Friday, April 30, 2010
Before I start my pitch, though, I want to tell you a story about my oldest son, Max. He's always been a funny kid with a really novel take on life. A few years ago, when he was about 9 or so, Max and I came home to an empty house to find that the washing machine had flooded. This meant we had to pull everything out of the laundry room, move the washing machine and dryer, figure out what was going wrong, and then fix it. Max was at that awesome age when he was eager to help Dad with any project, so we started pushing and pulling and moving stuff around.
Then the Domino Effect kicked in. The outflow pipe came off the wall, the dryer vent was pulled free, and things went from bad to worse. At one point, like an idiot, I wanted to see if the pump was still working in the washing machine, so I turned it on without hooking up the outflow pipe and sprayed water all over the laundry room.
My wife picked that exact second to arrive home. She walked in, saw us with the laundry room taken apart, water all over the floor, dryer lint floating through the air, and asked, "What's going on?"
Max looked up and said in his completely earnest way: "Hi, Mom. We're formerly known as the disaster waiting to happen."
I had to stop and think about that for a second.
Anyway, Max is 15 years old now and he entered a writing competition at SparksNotes (the organization that helps students figure out what the heck books are supposed to mean). He was selected as a finalist in the category of "Most Unique." If he wins the voting round, he gets $500. Which is a fortune to a 15-year-old who keeps a list of toys he wants (drums, new iPod, car, music).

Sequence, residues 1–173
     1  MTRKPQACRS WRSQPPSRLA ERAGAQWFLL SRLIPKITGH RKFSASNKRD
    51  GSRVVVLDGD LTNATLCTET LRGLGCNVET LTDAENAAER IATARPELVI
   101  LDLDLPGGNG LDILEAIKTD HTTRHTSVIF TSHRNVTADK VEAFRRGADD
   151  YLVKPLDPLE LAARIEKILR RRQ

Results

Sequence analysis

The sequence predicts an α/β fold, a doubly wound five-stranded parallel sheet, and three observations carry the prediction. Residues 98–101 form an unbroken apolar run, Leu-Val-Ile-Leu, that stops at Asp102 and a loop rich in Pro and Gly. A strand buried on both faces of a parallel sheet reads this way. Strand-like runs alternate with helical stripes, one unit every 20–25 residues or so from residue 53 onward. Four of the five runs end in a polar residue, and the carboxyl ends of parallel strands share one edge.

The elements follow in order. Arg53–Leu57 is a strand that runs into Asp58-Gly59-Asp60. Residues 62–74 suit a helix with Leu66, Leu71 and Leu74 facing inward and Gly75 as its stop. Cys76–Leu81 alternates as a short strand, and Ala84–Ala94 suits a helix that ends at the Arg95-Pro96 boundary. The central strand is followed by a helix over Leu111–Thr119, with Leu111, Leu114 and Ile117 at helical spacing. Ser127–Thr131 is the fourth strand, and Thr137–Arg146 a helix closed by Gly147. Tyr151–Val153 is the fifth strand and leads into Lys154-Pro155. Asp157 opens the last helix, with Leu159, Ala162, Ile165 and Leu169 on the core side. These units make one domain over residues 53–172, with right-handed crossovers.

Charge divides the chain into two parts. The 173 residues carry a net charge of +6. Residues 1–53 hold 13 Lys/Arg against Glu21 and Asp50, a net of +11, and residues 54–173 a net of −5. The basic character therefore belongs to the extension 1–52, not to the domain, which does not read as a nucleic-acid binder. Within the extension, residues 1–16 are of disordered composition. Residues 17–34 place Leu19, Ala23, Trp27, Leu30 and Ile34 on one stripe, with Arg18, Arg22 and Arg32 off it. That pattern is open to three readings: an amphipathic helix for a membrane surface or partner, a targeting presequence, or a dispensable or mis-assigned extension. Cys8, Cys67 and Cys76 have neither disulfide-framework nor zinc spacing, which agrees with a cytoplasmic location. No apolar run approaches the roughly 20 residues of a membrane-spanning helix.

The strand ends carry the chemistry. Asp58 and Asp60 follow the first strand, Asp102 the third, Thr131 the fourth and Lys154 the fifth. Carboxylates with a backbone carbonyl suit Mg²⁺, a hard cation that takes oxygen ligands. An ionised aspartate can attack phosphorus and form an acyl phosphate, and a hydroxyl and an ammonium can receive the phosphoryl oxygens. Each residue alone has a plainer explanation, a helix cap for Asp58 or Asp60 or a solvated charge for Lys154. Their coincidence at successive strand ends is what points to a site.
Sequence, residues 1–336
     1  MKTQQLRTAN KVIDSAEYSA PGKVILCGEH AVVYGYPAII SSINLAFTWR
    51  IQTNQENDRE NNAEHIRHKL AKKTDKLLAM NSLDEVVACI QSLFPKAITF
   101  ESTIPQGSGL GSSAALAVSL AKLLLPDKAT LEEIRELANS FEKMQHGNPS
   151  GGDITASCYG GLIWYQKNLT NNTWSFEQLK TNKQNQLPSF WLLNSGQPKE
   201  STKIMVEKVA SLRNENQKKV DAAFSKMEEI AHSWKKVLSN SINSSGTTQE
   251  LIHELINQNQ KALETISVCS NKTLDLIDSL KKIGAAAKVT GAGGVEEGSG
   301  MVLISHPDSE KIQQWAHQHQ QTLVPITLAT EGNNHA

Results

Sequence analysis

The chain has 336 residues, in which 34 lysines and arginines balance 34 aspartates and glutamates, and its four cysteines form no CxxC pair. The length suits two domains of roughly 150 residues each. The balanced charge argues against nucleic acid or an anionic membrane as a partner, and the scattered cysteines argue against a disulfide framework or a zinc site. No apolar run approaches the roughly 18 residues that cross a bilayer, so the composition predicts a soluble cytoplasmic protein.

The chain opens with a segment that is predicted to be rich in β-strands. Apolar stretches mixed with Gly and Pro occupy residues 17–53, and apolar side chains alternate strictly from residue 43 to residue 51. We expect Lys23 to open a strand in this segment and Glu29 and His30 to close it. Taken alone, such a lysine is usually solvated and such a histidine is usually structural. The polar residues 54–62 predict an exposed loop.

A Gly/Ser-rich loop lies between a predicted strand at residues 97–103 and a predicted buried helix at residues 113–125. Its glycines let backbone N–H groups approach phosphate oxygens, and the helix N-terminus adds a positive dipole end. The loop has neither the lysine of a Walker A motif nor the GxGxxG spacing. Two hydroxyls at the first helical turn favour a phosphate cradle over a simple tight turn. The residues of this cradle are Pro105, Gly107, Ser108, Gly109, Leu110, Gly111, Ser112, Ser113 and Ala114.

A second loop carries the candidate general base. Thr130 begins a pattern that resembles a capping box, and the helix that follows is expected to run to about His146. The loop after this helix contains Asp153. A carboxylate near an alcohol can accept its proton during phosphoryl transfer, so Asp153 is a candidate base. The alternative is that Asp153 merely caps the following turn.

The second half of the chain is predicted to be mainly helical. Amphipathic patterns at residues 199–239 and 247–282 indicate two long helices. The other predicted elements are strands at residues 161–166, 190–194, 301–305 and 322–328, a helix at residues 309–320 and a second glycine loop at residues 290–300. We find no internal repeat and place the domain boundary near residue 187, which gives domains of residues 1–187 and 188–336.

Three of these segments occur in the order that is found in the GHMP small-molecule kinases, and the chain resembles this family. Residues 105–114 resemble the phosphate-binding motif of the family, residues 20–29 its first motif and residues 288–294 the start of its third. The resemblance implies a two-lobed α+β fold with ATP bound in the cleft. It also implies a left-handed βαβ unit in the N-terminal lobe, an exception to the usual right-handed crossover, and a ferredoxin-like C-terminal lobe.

So here's my pitch: go check out Max's entry in the competition. Read the other two entries. Carefully consider who DESERVES to win.
And then vote for Max.
Tuesday, April 27, 2010
Wednesday, April 21, 2010
In my bottom right-hand desk drawer, I keep a bottle of Johnnie Walker Black. I keep it for celebratory cases, hard-won. I keep it for the God-awful cases that trail me home like shadows at the end of the day. The Marsh case was both.
I set the glass on my desk and poured it more than half full. My hand shook and the first sip raced through me. I imagined it purging my brain of the shadows. I took the second slip slower and shut my eyes. Another one for you.
Someone tapped on my glass. My assistant opened my door and stuck his head in. “There’s a woman here to see you, Joe.”
I glanced at my watch. “It’s been a long day. Can you take a message?”
He shook his head. “She says she has to see you. Today. Said her name is Grace Ann.”
I set the Scotch down unsure I could trust my voice. “How old is she?”
“About your age. Beautiful. Blonde.”
I exhaled. “You can send her in.”
When he shut the door, I downed the rest of the Johnnie Walker.